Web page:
Simon is in Rome in order to attend a charity ball held by the Countess Christina Rovagna (Patricia Donahue). Although it’s ostensibly been arranged to benefit Father Bellini’s charity for destitute children, little of the money collected actually reaches the needy. So the Saint decides to tilt the balance back in Father Bellini’s favour ….
Simon is well aware of the irony inherent in the Countess’ charitable soiree. A group of incredibly wealthy people paying exorbitant sums in order to enjoy the finest food and wines available (secure in the knowledge that their excesses will, in some way, help those less fortunate than themselves). The Saint may be a part of polite society – feted for his notoriety – but he’s also content to also remain an outsider.
This is evident in the way he interacts with the Countess. At first glance she appears to be a pleasant enough person – and a charitable lady to boot – so Simon is happy to flirt outrageously with her. But are his feelings for her genuine, or is he simply dissembling – telling her what she wants to hear? As we’ll discover later, it’s clearly the latter. Simon is always the arch manipulator, content to play along with whatever the current situation might be (although he does seem shocked to discover that the Countess is making such a substantial profit from her charity).
So after learning that only nine thousand out of the fifty thousand dollars raised was donated to Father Bellini (Anthony Newlands) we’re forced to reassess everything we’ve learnt about the Countess to date. Father Bellini is very pleased with this sum though – considering it to be a fortune – so clearly he’s not the worldliest of people ….
In sharp counterpoint to the pampered lifestyle of the Countess, we’re also privy to the miserable existence of a group of street urchins, led by the voluble Franco (Philip Needs). True, they’re all rather grubby, but the dirt looks like it’s been applied by a make-up artist (these children seem just a little too well-behaved and mannered to convince as genuinely feral creatures).
If they don’t quite seem natural when they’re sharing scenes together (although the relationship between Franco and Angelina – played by Loretta Parry – is quite touching) then Franco develops into a more rounded character once Simon and Marco (Warren Mitchell) take him under their wing. Simon instantly feels a sense of obligation towards the boy (Marco less so). The scenes between Moore and Needs are strong ones, with Moore pitching his performance at just the right level in order to ensure that Needs gets a chance to shine.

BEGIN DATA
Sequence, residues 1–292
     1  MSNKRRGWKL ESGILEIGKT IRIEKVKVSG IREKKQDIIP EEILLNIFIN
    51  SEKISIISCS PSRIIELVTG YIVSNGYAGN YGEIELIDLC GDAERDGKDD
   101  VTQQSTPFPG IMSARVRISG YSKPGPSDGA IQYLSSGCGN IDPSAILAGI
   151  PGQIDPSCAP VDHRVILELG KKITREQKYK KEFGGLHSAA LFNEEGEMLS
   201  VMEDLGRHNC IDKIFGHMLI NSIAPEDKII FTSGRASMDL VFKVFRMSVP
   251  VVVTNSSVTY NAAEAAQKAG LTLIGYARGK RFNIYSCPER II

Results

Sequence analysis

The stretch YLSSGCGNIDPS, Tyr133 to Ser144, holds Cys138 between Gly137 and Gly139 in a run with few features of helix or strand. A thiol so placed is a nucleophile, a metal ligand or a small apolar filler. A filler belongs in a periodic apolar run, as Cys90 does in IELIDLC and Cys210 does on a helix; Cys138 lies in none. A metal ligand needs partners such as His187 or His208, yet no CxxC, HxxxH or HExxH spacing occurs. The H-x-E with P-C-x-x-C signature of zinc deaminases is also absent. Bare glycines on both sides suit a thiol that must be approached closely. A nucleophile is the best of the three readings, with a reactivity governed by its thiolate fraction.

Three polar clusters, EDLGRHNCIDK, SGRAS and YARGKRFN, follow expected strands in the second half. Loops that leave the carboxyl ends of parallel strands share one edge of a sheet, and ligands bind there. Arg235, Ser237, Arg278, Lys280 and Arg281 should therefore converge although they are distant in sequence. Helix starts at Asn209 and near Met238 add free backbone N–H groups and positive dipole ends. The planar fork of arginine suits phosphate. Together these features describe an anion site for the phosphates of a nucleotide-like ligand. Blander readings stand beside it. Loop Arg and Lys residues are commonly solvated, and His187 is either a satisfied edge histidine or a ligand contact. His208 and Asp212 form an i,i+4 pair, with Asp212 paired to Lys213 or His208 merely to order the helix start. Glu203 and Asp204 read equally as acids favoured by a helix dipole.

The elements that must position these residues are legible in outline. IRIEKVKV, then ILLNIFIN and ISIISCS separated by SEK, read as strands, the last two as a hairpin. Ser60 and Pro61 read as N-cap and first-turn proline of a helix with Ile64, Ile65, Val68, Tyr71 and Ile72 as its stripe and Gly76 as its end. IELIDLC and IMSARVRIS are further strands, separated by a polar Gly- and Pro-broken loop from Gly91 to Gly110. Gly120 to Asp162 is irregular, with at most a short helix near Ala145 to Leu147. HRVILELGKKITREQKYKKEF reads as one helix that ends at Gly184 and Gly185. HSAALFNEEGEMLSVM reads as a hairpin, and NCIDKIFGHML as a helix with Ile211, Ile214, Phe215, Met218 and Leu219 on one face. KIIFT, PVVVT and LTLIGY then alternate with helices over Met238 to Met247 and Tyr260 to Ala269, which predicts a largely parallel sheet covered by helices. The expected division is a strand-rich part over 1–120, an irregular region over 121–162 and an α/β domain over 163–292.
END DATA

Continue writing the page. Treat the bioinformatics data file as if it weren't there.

If he’s good when acting alongside Needs, then Roger Moore really sparkles when he returns to confront the Countess. Also present is Aldo Petri (Nigel Davenport), the Countess’ current companion. Simon delights in explaining to Petri that the Countess Christina Rovagna began her life as Maggie Oakes of New Jersey. She was a vaudeville artiste famed for taking off her clothes ….
The Countess is a cool customer though, not at all fazed by Simon’s full frontal attack. She’s strongly disinclined to hand over the rest of the charity money and reacts with scorn when Simon suggests that she sells her necklace in order to raise the sum he’s requested. So Simon elects to steal it – which meets with her whole-hearted approval. In many ways she’s almost the female version of the Saint – outwardly frivolous but with a core of steel – which makes their battle so entertaining. Had she simply been a run-of-the-mill criminal then the story would be much less interesting. She’s convinced that he’ll fail dismally and be humiliated – but we know the outcome will be somewhat different.
Charteris’ short story was originally published in 1939 (as part of the collection entitled The Happy Highwayman). This adaptation relocated the action from New York to Rome (and added the subplot of the urchins) but otherwise the main thrust of the story – the Saint sets out to steal the Countess’ necklace in order to repay her charity debt – remained intact. In both the original story and teleplay he doesn’t do it in a Raffles-style way though, instead he removes all the jewels from the Countess’ dinner guests at gunpoint. However, the adaptation scores by the way that Simon is able to bring Franco and the others into the dining room in order to show his victims the reason why they should be happy to give up their baubles.
Another good showcase for Roger Moore, The Charitable Countess manages to keep the essence of the original story – featuring the earlier, more criminally-inclined Saint – intact. It rates four halos out of five.